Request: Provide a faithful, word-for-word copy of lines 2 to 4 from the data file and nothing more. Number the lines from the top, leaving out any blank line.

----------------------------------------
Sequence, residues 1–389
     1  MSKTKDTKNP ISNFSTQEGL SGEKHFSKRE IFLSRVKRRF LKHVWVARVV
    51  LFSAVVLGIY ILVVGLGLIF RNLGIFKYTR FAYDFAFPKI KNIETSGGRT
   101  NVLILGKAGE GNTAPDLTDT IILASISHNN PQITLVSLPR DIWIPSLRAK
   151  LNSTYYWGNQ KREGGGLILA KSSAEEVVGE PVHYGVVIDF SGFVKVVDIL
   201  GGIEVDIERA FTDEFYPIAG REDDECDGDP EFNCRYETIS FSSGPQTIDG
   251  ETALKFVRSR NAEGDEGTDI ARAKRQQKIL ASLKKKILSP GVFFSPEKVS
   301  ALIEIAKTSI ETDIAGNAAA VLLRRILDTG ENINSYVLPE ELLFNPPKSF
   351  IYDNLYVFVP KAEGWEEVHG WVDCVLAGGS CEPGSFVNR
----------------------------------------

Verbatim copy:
     1  MSKTKDTKNP ISNFSTQEGL SGEKHFSKRE IFLSRVKRRF LKHVWVARVV
    51  LFSAVVLGIY ILVVGLGLIF RNLGIFKYTR FAYDFAFPKI KNIETSGGRT
   101  NVLILGKAGE GNTAPDLTDT IILASISHNN PQITLVSLPR DIWIPSLRAK